« Prev Chapter XXIV. Next »

48424. If you will open your minds’ eyes, and see the real42044204    Orelli, without receiving into the text, approves of the reading of Stewechius, promptam, “evident,” for the ms. propriam. truth without gratifying any private end, you will find that the causes of all the miseries by which, as you say, the human race has long been afflicted, flow from such beliefs which you held in former times about your gods; and which you have refused to amend, although the truth was placed before your eyes. For what about them, pray, have we indeed ever either imagined which was unbecoming, or put forth in shameful writings that the troubles which assail men and the loss of the blessings of life42054205    Lit., “the benefits diminished by which it is lived.” should be used to excite a prejudice against us? Do we say that certain gods were produced from eggs,42064206    The ms. reads ex Jovis; the first five edd. Jove—“from Jove,” which is altogether out of place; the others, as above, ex ovis. Cf. i. 36. like storks and pigeons? Do we say that the radiant Cytherean Venus grew up, having taken form from the sea’s foam and the severed genitals of Cœlus? that Saturn was thrown into chains for parricide, and relieved from their weight only on his own days?42074207    The ms. reads et ablui diebus tantis…elevari; LB., Hild. and Oehler, statis or statutis…et levari—“and was loosed and released on fixed days;” Elm., Oberthür, and Orelli receive the conjecture of Ursinus, et suis diebus tantum…rel., as above. that Jupiter was saved from death42084208    Cf. iii. [cap. 41, p. 475, and cap. 30, p. 472]. by the services of the Curetes? that he drove his father from the seat of power, and by force and fraud possessed a sovereignty not his own? Do we say that his aged sire, when driven out, concealed himself in the territories of the Itali, and gave his name as a gift to Latium,42094209    i.e., hiding-place. Virg., Æn., viii. 322: Quoniam latuisset tutus in oris. because he had been there protected from his son? Do we say that Jupiter himself incestuously married his sister? or, instead of pork, breakfasted in ignorance upon the son of Lycaon, when invited to his table? that Vulcan, limping on one foot, wrought as a smith in the island of Lemnos? that Æsculapius was transfixed by a thunderbolt because of his greed and avarice, as the Bœotian Pindar42104210    Pyth., iii. 102 sq. sings? that Apollo, having become rich, by his ambiguous responses, deceived the very kings by whose treasures and gifts he had been enriched? Did we declare that Mercury was a thief? that Laverna is so also, and along with him presides over secret frauds? Is the writer Myrtilus one of us, who declares that the Muses were the handmaids of Megalcon,42114211    ms. Meglac. daughter of Macarus?42124212    The ms. and most edd. give filias, making the Muses daughters of Macarus; but Orelli, Hild., and Oehler adopt, as above, the reading of Canterus, filiæ, in accordance with Clem. Alex.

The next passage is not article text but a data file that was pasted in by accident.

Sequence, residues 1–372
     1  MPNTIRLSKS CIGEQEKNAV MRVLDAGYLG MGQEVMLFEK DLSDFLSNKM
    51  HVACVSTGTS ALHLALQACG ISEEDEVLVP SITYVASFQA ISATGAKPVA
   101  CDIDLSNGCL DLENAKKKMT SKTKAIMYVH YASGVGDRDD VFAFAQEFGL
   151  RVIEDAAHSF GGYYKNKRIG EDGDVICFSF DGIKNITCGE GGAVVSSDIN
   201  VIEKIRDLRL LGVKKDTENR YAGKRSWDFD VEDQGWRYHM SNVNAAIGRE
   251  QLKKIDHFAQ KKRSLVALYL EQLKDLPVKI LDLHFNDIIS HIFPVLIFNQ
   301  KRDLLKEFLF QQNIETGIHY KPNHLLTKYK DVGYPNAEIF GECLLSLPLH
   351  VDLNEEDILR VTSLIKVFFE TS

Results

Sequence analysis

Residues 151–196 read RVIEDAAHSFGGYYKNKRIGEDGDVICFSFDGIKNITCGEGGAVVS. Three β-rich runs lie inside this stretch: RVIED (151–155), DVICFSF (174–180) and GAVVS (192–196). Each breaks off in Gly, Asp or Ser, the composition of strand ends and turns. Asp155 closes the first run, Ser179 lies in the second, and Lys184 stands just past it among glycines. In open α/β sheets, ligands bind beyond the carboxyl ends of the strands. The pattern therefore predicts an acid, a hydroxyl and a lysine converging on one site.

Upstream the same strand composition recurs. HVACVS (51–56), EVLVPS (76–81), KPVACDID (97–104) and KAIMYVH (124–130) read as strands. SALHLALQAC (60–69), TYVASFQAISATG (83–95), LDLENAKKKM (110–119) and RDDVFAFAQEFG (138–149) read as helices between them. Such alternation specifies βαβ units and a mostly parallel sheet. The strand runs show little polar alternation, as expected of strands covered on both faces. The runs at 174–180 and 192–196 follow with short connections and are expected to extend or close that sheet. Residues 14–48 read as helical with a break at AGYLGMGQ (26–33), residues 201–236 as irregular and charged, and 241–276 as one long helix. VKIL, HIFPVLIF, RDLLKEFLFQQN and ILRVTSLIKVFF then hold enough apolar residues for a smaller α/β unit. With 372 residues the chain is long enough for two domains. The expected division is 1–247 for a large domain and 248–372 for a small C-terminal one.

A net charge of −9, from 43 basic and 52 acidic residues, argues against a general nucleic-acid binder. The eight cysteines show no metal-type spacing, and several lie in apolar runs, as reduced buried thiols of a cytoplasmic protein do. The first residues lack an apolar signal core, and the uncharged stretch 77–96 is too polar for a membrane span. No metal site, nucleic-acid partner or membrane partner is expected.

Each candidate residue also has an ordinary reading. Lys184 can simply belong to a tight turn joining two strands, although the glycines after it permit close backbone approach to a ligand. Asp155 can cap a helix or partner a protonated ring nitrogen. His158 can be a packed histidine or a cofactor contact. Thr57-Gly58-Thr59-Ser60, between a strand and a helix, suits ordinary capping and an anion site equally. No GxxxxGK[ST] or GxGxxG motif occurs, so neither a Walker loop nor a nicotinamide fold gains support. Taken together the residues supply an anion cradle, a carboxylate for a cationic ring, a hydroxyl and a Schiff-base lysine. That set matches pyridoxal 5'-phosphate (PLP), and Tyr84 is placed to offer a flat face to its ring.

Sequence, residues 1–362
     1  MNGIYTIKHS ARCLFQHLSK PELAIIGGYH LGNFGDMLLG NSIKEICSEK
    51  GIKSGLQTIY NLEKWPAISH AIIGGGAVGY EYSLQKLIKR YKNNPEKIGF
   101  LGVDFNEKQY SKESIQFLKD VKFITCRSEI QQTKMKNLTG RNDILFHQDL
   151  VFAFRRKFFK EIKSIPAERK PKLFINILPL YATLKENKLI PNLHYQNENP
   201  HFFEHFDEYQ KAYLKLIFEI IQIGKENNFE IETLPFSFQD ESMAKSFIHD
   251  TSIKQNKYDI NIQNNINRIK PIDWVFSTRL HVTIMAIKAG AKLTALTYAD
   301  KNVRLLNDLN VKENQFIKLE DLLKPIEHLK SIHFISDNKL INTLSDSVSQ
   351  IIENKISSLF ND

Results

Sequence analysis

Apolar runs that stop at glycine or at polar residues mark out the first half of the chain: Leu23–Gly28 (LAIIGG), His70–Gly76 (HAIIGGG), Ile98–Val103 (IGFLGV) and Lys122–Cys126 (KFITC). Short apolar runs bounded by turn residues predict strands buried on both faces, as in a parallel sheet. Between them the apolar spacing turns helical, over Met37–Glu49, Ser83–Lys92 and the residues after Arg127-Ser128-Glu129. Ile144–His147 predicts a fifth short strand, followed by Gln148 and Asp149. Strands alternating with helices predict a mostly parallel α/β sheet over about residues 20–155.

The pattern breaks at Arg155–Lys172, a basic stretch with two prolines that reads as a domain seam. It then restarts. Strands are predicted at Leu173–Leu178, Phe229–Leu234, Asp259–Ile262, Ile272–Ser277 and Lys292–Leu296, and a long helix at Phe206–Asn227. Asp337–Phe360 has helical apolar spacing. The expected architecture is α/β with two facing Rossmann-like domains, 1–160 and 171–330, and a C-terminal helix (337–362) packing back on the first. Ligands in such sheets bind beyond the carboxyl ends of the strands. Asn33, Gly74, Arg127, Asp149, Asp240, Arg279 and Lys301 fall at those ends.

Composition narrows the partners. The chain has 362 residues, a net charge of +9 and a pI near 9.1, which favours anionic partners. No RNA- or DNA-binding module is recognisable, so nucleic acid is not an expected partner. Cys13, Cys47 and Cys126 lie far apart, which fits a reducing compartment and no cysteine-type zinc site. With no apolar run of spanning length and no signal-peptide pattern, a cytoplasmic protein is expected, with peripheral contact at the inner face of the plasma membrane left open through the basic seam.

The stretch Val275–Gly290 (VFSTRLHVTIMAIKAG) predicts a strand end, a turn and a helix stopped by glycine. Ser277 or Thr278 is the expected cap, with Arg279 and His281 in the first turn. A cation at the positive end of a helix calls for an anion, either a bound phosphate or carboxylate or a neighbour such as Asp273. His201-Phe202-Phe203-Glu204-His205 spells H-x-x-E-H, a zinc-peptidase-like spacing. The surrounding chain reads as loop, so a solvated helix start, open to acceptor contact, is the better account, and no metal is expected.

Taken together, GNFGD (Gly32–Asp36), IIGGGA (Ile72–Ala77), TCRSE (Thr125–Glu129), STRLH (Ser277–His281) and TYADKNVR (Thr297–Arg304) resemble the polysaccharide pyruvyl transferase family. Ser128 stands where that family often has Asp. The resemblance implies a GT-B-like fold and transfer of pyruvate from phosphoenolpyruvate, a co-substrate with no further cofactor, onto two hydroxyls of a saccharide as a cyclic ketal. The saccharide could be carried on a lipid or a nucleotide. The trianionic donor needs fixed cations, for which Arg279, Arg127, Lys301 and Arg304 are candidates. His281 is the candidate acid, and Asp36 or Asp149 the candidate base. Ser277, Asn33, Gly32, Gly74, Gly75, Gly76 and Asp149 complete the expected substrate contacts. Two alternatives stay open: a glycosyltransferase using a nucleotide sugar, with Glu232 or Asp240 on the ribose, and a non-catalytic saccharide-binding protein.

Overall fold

« Prev Chapter XXIV. Next »
Please login or register to save highlights and make annotations
Corrections disabled for this book
Proofing disabled for this book
Printer-friendly version





Advertisements



| Define | Popups: Login | Register | Prev Next | Help |